Trial lawyers perform many tasks in addition to jury trials, including counseling clients, negotiating, and communicating with other lawyers. In all these tasks, psychodrama contributes to a new understanding and effectiveness for the lawyer.

Lawyers preparing for negotiation can act out the process, using psychodrama to learn what the world looks like through the eyes of their opponents. The lawyer having a difficult time with another lawyer can act out that relationship and understand opposing counsel's fears, hopes, and needs.

The legal system is composed of people, and people--regardless of their official roles--respond to those who understand and respect them.

Qualifications to use psychodrama

An article by Amy Singer, Connecting with Severely Injured Clients (TRIAL, June 1998, at 48), asserts that "a trained psychologist licensed to practice psychodrama is necessary to organize and direct psychodrama sessions with clients. Attorneys should not attempt to organize a psychodrama session by themselves."

Psychodrama is a powerful and complex methodology that requires extensive training to master, and psychodramatic psychotherapy should only be conducted by a credentialed mental health professional. Still, psychodrama has many nonclinical applications that easily include role reversals and can include simple reenactment of the client's experiences.

A lawyer with sufficient training in psychodrama can and should use it for the purposes outlined in this article. If, however, the lawyer wishes to reenact a traumatic event in the client's life, such as a death, a rape or other assault, or abuse of a child, the lawyer should seek assistance from a professional psychodramatist to avoid retraumatizing the client. If the client is being treated by a mental health professional, the lawyer should consult the professional to determine whether to use psychodrama.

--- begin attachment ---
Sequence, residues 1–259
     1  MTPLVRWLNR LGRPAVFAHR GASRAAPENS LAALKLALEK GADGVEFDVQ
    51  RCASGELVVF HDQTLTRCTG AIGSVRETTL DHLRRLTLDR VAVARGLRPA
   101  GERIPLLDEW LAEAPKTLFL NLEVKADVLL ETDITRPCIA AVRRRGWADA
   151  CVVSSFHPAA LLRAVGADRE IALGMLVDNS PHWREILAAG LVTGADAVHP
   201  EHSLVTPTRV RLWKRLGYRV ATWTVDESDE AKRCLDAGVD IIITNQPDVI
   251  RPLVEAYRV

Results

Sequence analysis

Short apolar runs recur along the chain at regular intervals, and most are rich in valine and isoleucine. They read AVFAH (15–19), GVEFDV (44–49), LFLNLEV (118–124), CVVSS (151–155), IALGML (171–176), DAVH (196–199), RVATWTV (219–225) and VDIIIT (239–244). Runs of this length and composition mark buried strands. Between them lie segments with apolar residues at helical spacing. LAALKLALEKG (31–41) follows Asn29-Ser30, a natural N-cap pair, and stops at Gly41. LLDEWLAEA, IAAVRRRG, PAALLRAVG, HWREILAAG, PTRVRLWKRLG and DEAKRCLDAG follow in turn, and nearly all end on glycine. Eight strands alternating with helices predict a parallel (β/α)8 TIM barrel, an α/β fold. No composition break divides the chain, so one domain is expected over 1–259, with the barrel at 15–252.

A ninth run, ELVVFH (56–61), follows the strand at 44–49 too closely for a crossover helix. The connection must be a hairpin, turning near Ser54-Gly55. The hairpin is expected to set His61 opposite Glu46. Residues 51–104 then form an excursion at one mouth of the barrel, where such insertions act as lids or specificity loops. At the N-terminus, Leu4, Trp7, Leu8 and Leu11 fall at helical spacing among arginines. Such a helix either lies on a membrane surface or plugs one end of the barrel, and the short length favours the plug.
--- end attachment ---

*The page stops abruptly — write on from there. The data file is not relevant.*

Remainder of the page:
More and more attorneys are using psychodrama in their trial practices, with excellent results. The benefits of psychodrama, for both the lawyer and the client, are well worth the time and effort required to learn it.

Countering legal training

The psychodramatic approach runs counter to most legal training. Lawyers have been trained to "think like a lawyer" and to persuade others by drawing them into a legalistic world involving abstractions such as causes of action, elements, and defenses.

Psychodrama teaches lawyers to stop thinking like lawyers and to start thinking like other human beings. Rather than asking jurors to join lawyers in a legalistic world, lawyers learn to join jurors in the world in which jurors live.

In To Kill a Mockingbird, the lawyer Atticus Finch tells his son, Jem, "You never really understand a person until you consider things from his point of view ..., until you climb into his skin and walk around in it." Psychodrama helps lawyers understand people. Lawyers who understand people have the greatest chance of persuading them.

James D. Leach practices law in Rapid City, South Dakota, and has extensive training in psychodrama. John Nolte, of Hartford, Connecticut, is a psychologist and certified psychodrama trainer-educator-practitioner. Katlin Larimer, of Omaha, Nebraska, is a psychotherapist with certification in psychodrama.
COPYRIGHT 1999 American Association for Justice
No portion of this article can be reproduced without the express written permission from the copyright holder.
Copyright 1999, Gale Group. All rights reserved. Gale Group is a Thomson Corporation Company.

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Author:Larimer, Katlin
Geographic Code:1USA
Date:Apr 1, 1999